Well the year is at a close and our racing is also at a close, so I took the time to go on line and check out my fellow teammate’s finishes on and well I was quite amazed at our amount of top ten finishes. We also back those up with great overalls for the end of the year.

cane creek angleset

Now first and for most,  I want to say thanks to AIRBORNE BICYCLES for sponsoring our team and thanks to RL Policar for getting this together for us earlier this year, also a shout out to the guys at Marzocchifor helping us set up our suspension. “Thanks Ronny!”

Our team did do some upgrades to our TAKA’S, but not much, if anything the main upgrade we did was the CaneCreek Angle headset which gave the TAKA way better handling, some did suspension while others kept it simple and all mods worked great. Something I plan on talking about on TAKA REVISITED later.

Our team has nine of us that raced for most of the season. The DH department has five racers consisting of yours truly, Art Aguilar, Corey Pond, RL Policar, Wes Castro, and Moe Ramirez.

In the XC/ Super- D department we have Dan Burdett, Nick Diblasi.Late in the season we pick up Stacey Stone for 4X and as you can see we have a well-rounded team that covers all disciplines.

Now looking at what we did as a team this year really amazed me I sat down on the SRC website and counted all our top ten finishes and found that I was VERY surprised, we landed 36 top ten finishes as a team and out of those 28 of them were top five podiums, 7 were series overalls, and 5 were SRC top year end season overalls with our own Wes Castro taking top honors with the number 1 plate in his class, “Way to go WES!!”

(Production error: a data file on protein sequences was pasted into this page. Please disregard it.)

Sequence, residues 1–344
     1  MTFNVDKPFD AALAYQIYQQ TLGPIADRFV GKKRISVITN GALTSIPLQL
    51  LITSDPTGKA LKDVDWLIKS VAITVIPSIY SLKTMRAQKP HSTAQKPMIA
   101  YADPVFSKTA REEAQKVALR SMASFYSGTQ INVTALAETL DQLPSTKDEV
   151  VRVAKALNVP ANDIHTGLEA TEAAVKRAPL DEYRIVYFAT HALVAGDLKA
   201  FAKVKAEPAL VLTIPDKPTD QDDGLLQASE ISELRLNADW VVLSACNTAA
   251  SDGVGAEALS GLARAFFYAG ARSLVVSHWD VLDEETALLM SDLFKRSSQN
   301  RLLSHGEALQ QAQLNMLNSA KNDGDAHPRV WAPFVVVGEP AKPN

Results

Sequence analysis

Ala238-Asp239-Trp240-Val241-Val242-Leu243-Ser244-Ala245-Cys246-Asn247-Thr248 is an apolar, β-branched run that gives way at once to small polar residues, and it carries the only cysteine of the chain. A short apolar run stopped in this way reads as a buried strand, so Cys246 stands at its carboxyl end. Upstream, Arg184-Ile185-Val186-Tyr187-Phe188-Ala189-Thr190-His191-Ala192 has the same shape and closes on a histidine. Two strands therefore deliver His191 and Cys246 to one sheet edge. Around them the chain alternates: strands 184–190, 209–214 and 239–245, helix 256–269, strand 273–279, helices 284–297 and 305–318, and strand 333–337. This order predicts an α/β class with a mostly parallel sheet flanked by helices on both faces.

With Wes Castro taking the number one plate home in the beginner 35-42 DH class for the year,  Art Aguilar took 5th overall in 43-50 expert Dh class.
RL Policar took 3rd overall in the beginner 27-34 Dh class.
Stacy Stone took 5th overall in 4X, and Dan Burdett took  2nd overall in single Speed 34 under.

All I could say is this was one kick butt year for us.

Corey Pond had some injuries this year that kept him out on and off for the year, but he’s planning to have a great 2012 year.

As a whole we did quite a bit for our sponsors and I feel we succeeded. In a whole, we had a great time hanging out, talking bicycles and racing. We added some new faces to the team mid-year,  Stacy Stone raced 4X and some Super-D, also we have Nick Diblasi who is racing Super-D. We added another rider to the DH roster, young gun Bryan Doney for 16-18 DH beginners. So next year will be fun to see what’s around the corner.


AIRBORNE BICYCLE’s was our bike sponsored for our team. They provided TAKA DH and 29er GOBIiN bikes for us and I think I can speak for the team when I say that in a market saturated with $4000 race bikes, we proved you don’t need to have the most expensive bike out there to get the job done, so a big hats off to the AIRBORNE crew, Rick, Jeremy, Eric.

I look forward to a race filled season with a great team for 2012.

So you want to get into downhill mountain biking, but it intimidates you…